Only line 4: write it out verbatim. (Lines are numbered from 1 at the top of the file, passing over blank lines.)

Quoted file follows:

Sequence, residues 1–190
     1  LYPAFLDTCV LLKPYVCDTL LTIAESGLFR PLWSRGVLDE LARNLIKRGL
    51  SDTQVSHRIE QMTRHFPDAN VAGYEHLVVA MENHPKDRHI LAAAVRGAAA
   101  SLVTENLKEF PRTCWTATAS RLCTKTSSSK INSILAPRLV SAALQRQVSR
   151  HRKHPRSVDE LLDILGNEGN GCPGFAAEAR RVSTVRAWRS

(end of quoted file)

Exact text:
   101  SLVTENLKEF PRTCWTATAS RLCTKTSSSK INSILAPRLV SAALQRQVSR